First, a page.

CLEVELAND -- No one had to remind Hue Jackson of the importance of the victory. When your team has gone nearly three full years and 17 straight games without a division win, you know the significance. But as Jackson stood in the Browns locker room Sunday after beating the Ravens12-9 in overtime, he found deeper meaning in the manner in which his players had won. They displayed resolve and purpose -- particularly No. 1 overall pick Baker Mayfield, who refused to bow to history or a Baltimore defense that was No. 2 overall and fourth against the pass.
"That team we played is a good football team, so we had to grind it out," Jackson said. "We knew it was going to be tough for Baker, but he was able to weather any storm and keep playing. That's how you grow in this league. It's not when everything is clean and easy and the ball is going up and down the field. It's when it's tough and people are hitting you and you're running for your life but you're making plays, you're making ad-lib plays. That's truly what makes quarterbacks grow in this league. There's no doubt it was more valuable for him to win this way. Let me tell you, he is something else. He's good now."
Jackson smiled. For the first time since arriving in town back in January of 2016, he has the tools to win with. His special teams remain shaky -- Sunday featured a missed PAT and field goal -- but the Browns compensated with a prideful, ballhawking defense that rebounded from a poor showing last week in Oakland to force two turnovers and push its league-leading season total to 15. The unit also kept the Ravens out of the end zone on three trips inside its 15-yard line, including two inside the 10 and one inside the 5.
But having true belief requires having a legitimate quarterback, and the Browns have one in Mayfield. The former Oklahoma star completed 25 of 43 passes for 342 yards and one touchdown (against one pick), but numbers don't reflect the depth of his performance. He was matched against a team that was 15-5 versus rookie quarterbacks since 2008, a team whose defense had the most interceptions (27) and best passer rating (59.6) against first-year signal-callers over those 10 years, yet he refused to blink.
After throwing an interception on his third attempt of the game, he came back to throw a momentum-generating touchdown just before the half. When confronted with third-and-longs against an edge-rush threat like Terrell Suggs and a ball magnet like safety Eric Weddle, he bought time to find open receivers for first downs. After the Ravens tied it at 9 with 52 seconds left in regulation, he had completions of 13 and 17 yards to help set up the potential winning field goal, which was wide left from 55 yards.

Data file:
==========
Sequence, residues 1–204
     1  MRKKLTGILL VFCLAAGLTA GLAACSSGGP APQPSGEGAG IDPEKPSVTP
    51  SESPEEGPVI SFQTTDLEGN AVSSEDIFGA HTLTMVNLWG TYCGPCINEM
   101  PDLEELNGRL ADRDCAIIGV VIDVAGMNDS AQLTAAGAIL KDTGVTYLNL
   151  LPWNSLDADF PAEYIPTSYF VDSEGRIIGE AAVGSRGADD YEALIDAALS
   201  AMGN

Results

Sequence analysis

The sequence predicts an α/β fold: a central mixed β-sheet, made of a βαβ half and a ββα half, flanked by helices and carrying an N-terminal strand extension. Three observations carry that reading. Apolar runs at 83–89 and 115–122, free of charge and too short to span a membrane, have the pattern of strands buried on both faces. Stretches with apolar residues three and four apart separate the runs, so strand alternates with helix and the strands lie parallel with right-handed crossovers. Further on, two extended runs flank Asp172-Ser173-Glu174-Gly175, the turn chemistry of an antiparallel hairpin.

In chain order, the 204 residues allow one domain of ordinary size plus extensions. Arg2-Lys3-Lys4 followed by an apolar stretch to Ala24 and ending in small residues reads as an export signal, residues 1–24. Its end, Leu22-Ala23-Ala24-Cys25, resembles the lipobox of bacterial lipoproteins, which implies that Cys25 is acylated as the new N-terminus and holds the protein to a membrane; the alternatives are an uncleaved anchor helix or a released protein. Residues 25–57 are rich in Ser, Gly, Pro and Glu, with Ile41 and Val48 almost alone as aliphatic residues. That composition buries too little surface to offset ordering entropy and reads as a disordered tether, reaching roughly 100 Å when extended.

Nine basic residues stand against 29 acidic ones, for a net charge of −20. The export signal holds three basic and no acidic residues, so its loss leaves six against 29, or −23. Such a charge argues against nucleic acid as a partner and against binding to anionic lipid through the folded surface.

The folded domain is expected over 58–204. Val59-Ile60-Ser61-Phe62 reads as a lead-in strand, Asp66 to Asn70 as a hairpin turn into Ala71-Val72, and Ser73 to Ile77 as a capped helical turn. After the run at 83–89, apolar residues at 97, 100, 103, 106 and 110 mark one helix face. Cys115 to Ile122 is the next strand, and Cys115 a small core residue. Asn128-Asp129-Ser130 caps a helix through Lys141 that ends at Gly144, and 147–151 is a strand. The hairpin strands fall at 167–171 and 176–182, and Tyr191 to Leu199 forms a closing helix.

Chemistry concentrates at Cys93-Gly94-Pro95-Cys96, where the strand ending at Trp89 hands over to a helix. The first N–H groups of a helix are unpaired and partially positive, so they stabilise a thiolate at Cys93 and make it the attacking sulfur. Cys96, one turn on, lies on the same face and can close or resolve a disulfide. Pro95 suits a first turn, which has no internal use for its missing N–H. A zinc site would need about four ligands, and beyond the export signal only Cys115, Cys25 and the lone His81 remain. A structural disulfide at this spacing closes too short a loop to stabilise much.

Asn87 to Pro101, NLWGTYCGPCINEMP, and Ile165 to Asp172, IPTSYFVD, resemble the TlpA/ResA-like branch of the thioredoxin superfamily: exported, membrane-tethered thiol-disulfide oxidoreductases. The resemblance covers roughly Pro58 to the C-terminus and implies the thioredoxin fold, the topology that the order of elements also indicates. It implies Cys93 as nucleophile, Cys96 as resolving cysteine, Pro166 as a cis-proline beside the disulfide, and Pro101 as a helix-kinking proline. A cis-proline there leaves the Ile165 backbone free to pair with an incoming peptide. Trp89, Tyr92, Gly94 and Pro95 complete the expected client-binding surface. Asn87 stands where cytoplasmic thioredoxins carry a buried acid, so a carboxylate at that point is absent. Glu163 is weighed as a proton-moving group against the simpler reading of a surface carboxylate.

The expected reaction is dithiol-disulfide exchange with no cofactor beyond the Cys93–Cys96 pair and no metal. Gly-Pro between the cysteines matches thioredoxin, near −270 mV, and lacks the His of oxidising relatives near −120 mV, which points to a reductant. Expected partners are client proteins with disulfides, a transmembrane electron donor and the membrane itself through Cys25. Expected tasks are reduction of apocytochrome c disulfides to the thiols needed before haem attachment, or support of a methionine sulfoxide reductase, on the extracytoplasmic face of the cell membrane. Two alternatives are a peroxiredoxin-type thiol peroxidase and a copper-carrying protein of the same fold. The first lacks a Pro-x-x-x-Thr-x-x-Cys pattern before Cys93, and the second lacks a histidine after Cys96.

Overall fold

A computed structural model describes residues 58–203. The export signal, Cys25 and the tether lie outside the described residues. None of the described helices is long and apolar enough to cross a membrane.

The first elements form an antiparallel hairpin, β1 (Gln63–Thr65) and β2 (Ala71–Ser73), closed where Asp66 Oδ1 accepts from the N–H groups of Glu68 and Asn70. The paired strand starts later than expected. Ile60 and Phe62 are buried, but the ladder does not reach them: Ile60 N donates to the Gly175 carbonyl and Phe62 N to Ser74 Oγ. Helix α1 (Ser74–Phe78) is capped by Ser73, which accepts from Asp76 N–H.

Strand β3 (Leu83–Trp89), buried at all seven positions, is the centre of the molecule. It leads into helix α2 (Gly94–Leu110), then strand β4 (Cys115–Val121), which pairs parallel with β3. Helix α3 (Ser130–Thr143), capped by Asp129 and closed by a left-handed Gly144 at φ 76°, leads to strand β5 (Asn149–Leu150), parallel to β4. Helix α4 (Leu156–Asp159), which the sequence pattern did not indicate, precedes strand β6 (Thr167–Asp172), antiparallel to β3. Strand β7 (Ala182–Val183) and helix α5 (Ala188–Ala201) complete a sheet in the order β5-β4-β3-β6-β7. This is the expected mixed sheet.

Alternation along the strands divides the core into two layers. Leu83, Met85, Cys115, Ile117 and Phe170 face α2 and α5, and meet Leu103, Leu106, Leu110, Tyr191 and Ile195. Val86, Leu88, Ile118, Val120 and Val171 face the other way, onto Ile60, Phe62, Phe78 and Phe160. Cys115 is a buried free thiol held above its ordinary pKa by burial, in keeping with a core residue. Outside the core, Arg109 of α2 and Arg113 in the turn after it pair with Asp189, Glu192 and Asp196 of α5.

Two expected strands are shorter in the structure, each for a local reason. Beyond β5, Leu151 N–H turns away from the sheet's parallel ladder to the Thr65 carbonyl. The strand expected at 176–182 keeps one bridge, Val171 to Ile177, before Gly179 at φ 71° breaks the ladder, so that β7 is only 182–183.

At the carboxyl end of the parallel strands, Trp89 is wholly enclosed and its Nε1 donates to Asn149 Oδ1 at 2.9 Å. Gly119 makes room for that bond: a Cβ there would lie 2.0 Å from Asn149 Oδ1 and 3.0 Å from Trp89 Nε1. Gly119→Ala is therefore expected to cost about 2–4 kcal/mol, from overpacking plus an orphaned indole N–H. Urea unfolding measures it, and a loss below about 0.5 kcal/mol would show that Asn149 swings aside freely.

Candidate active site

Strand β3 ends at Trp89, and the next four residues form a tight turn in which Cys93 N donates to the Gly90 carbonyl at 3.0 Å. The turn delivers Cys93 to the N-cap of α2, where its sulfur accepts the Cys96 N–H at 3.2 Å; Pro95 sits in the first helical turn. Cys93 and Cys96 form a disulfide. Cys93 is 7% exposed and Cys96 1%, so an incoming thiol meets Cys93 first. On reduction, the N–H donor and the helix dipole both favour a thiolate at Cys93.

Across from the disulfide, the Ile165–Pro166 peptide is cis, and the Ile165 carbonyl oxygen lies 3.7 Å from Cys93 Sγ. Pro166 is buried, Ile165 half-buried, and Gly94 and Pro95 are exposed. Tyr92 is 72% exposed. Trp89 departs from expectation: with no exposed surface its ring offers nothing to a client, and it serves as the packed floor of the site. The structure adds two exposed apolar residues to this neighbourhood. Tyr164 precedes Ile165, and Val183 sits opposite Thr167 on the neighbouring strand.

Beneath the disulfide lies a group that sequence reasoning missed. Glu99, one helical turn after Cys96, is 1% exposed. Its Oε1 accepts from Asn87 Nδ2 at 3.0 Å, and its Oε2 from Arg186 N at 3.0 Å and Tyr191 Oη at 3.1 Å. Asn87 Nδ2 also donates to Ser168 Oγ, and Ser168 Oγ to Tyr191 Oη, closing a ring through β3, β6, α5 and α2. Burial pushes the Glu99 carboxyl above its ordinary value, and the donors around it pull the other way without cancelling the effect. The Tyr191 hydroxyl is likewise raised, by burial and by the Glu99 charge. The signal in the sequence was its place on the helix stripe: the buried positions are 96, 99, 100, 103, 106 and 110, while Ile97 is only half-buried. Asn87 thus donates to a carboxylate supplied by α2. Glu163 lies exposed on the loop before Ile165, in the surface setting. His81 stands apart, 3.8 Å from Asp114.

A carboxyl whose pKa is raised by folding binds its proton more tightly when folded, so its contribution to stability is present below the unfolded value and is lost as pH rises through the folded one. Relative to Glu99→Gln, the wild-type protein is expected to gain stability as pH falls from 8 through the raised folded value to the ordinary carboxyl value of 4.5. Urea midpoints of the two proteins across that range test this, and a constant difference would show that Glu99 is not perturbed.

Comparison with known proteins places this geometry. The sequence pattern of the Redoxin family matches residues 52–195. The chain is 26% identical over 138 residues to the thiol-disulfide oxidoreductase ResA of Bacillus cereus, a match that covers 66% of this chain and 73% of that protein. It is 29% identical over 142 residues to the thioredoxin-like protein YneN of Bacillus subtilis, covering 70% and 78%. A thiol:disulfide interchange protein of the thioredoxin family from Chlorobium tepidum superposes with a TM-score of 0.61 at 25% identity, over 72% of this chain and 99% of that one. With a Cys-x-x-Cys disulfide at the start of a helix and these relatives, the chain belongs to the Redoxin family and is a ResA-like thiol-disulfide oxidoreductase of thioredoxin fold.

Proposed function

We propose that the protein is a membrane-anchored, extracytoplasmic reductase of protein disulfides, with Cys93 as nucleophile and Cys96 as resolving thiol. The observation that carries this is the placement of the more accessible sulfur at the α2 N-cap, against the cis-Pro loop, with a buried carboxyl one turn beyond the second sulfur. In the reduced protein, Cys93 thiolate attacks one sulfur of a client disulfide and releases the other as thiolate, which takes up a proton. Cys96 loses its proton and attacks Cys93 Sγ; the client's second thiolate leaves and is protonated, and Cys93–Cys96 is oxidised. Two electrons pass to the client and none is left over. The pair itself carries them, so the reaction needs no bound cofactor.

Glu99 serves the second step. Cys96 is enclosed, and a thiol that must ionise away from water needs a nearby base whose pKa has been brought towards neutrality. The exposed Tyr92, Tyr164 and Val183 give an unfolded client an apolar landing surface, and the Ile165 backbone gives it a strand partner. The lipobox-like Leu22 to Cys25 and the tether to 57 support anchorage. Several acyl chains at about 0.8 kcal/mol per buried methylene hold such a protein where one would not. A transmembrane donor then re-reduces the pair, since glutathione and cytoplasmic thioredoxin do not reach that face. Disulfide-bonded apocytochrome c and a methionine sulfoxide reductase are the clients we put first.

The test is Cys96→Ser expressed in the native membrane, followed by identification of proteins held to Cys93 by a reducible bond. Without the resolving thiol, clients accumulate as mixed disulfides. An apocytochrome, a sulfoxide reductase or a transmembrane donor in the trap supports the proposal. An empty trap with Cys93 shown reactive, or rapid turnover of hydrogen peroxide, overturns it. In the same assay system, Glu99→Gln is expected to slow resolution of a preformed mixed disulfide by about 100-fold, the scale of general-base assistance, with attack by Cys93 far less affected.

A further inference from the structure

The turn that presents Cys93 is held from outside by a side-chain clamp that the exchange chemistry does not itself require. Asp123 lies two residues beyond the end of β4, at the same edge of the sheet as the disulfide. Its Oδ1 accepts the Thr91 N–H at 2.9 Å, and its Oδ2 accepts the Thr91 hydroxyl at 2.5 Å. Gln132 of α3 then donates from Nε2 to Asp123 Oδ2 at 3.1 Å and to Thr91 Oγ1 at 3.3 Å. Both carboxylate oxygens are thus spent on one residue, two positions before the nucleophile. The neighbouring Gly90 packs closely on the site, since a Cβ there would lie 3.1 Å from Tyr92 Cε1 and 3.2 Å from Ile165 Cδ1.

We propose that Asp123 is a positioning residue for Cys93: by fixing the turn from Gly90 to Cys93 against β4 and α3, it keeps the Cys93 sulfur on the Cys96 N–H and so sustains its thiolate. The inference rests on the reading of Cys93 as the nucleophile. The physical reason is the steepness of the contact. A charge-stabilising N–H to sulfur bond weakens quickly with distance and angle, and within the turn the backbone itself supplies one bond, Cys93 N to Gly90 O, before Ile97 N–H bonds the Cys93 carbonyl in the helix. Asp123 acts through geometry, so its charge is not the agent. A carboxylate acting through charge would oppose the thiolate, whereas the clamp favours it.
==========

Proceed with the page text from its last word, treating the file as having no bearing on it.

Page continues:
But what made Mayfield special on this day was his inability to be flustered, particularly in overtime. Many young quarterbacks would have panicked after an end-around lost 11 yards and produced a second-and-21 from their own 5-yard line. Instead, Mayfield scrambled for 13 yards, then, on the play of the game, avoided a stiff rush up the middle by pushing off the back of a blocker with his left arm to create enough space to find Derrick Willies over the middle for a 39-yard catch-and-run. Duke Johnson finished the drive with gains of 15, 5 and 4 yards on consecutive rushes to set up the decisive 37-yard field goal.
"I'm a fan of the game, and I respect good players, and he did a good job," said Weddle, who sought out Mayfield after the game. "He made some throws that were really good, and he made some others that were really bad that we could have capitalized on. But with the game on the line, he made a great throw and the guy made a great catch and run. As good as our defense played, they made one more play than us."
"Calm, collected, unfazed," wideout Jarvis Landry said of his QB. "He stepped up big and made plays with his arm, obviously, and made plays with his feet, getting out of some sacks. For a rookie, man, he's doing it. It's his attitude and charisma. He didn't budge. He didn't flinch. He continued to find ways to get the ball in people's hands and let them make plays. Things like that you don't see every day in a rookie quarterback, making decisions like that."
At 2-2-1, the Browns are off to their best start since going 3-2 in 2014. They've won consecutive home games for the first time in four years and their 2-0-1 start in FirstEnergy Stadium is their best since 2004. Arguably no fan base is more deserving of team success -- or the prospect of it, at least -- than the Browns', which endured an 0-16 season last year and a 1-15 season in 2016.
Landry, for one, admitted a negative thought went through his head after the botched end-around: "Damn, this again?" But as quickly as it came, it departed. These are not the 2017 Browns. Or the 2016 Browns. Or any recent facsimile. They are the 2018 Browns, which means they have two things those other clubs lacked: hope and a quarterback.
"Adversity shows a lot about everybody in these environments, games where they're not always pretty, they're back and forth, and it just comes down to how long you can stare in the face of that adversity and continue to make plays and continue to keep pushing," center JC Tretter said. "As a group, with Baker leading us, we just kept plugging along. We knew, if we just kept fighting and pushing, we could get it done. Baker is a guy who is never going to flinch in the face of adversity. He's just going to keep pushing and keep knowing he has a chance to win a game. This was a true test, a true battle. And just to see as a group how we looked it in the eyes and stared it down and won the game -- that's big for us as a group. That's the foundation for what we're building."